A mapping from a metric space to itself is called a contraction if there exists an such that for every we have . The Banach fixed point theorem (aka the contraction theorem) says that every contraction on a non-empty complete metric space has exactly one fixed point.

**Proof**: Suppose is a complete metric space and that is a contraction. Let be any point. Define , , and so forth. If we write in terms of and, we see that . Now consider where we assume, without loss of generality, that . By the triangle inequality we have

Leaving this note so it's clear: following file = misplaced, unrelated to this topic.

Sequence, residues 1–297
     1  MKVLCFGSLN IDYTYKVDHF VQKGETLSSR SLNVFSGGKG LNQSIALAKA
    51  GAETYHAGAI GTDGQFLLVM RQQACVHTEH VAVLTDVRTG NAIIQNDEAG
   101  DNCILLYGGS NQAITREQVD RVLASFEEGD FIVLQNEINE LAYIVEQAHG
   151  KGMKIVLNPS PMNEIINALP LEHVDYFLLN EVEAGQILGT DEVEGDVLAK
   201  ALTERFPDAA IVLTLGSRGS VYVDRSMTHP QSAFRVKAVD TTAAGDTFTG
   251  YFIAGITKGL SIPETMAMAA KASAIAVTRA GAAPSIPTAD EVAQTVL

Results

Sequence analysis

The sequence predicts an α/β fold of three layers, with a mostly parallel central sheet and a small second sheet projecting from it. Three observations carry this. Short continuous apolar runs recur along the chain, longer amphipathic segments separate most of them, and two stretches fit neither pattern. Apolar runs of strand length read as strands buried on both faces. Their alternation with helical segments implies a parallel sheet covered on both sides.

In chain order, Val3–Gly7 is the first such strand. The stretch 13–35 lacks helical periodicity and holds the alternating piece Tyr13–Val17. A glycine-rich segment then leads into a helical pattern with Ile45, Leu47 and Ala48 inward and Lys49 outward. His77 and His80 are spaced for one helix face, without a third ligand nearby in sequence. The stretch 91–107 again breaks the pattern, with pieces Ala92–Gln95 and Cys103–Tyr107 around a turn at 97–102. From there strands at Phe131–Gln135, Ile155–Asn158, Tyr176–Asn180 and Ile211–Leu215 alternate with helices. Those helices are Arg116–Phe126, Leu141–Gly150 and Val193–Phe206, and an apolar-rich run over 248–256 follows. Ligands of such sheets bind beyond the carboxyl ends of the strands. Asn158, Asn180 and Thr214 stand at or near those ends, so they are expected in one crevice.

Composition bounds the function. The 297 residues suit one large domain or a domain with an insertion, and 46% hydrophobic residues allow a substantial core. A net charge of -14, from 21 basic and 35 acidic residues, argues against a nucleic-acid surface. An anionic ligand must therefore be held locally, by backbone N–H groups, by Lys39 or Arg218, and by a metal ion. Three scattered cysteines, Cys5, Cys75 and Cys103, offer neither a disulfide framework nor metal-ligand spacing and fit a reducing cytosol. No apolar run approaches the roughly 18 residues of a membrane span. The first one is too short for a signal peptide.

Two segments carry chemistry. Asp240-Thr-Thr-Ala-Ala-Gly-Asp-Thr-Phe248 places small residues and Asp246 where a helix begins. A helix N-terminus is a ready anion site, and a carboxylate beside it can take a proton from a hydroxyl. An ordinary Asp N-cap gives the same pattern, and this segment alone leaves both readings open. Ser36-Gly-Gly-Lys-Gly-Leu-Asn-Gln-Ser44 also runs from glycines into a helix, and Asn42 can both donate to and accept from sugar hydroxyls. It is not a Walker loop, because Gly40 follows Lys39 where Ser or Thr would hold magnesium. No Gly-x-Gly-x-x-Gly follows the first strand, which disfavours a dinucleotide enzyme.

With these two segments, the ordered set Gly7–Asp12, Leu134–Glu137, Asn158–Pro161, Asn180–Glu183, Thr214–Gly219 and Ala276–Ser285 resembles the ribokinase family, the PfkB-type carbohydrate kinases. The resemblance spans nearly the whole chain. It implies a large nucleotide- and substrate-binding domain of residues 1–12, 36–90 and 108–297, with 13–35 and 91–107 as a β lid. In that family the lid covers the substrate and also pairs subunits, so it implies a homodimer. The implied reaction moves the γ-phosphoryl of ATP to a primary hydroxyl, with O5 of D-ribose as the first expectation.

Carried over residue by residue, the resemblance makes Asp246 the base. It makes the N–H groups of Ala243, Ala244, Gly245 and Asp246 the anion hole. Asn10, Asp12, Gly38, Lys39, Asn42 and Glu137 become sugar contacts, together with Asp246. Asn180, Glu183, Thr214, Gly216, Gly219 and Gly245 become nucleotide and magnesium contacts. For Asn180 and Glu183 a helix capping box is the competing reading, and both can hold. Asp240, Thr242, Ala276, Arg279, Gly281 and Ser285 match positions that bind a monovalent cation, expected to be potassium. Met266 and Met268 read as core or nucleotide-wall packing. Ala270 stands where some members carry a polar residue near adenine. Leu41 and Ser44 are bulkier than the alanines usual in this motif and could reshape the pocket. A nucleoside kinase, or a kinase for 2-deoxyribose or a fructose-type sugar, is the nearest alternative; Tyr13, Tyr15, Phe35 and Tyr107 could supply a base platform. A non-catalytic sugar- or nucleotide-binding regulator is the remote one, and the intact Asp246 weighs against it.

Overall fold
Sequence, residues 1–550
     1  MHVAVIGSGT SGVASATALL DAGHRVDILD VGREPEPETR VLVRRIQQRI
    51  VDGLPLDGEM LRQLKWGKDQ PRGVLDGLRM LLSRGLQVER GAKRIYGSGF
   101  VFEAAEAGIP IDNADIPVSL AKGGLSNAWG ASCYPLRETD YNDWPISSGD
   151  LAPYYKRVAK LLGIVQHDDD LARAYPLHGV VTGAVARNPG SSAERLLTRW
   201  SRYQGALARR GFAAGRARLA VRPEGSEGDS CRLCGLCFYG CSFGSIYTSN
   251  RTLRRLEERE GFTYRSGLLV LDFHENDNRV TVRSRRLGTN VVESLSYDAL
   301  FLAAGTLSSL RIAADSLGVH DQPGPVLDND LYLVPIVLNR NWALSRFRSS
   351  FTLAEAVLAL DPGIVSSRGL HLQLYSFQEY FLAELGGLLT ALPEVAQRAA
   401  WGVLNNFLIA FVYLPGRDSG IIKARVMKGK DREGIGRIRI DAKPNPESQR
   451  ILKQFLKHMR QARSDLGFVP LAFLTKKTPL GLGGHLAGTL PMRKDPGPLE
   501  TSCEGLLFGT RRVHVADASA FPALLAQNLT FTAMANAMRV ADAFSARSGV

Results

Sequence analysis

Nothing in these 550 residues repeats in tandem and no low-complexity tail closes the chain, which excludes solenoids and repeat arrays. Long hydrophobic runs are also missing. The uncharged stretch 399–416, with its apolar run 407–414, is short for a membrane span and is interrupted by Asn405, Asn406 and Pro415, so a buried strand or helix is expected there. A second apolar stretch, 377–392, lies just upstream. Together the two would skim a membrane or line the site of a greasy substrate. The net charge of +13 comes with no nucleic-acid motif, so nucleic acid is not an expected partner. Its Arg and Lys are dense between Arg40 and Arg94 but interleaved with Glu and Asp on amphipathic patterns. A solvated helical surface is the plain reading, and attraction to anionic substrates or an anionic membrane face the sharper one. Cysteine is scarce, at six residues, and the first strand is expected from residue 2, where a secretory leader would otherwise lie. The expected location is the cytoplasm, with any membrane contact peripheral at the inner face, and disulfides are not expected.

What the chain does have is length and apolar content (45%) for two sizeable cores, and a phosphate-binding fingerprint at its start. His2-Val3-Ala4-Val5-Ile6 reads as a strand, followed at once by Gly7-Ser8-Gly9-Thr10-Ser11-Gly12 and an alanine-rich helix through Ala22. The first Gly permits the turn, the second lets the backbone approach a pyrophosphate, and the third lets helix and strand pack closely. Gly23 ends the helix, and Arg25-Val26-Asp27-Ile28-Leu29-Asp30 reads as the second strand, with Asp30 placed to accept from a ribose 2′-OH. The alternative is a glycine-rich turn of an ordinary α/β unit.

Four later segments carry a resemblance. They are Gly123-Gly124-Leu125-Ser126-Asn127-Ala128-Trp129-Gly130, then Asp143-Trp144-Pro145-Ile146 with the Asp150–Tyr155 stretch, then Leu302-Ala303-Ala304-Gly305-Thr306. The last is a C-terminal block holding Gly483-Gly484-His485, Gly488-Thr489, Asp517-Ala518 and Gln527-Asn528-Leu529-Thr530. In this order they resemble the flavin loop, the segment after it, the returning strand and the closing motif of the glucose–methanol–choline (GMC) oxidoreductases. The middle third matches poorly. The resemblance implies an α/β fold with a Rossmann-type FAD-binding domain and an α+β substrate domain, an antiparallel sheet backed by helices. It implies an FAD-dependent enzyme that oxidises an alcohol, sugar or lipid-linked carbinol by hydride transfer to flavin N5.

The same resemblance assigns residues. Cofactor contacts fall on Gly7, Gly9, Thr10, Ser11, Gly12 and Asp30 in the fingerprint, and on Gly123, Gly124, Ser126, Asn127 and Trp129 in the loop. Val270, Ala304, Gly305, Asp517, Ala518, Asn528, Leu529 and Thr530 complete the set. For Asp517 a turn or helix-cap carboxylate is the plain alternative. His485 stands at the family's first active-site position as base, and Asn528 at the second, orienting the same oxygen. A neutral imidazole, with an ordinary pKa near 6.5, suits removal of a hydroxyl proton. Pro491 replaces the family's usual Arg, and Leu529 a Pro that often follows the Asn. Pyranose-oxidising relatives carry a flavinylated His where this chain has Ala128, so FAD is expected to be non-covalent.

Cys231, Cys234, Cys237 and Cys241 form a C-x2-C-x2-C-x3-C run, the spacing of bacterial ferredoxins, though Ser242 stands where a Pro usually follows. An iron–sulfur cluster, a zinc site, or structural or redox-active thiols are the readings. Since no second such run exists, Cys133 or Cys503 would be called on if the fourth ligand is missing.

We can obviously make this value as small as we’d like by picking a large enough , so the sequence is Cauchy and must converge. Call the limit of this sequence . Now consider the distance between and .

By picking a large enough , we can make this as small as we’d like as well, so we have so has a fixed point. For the uniqueness of , suppose is also a fixed point.

The only way this holds is if , so . Note that the we constructed didn’t depend on on our initial value of , so every sequence we construct by picking a point in and iterating will result in the same limit.

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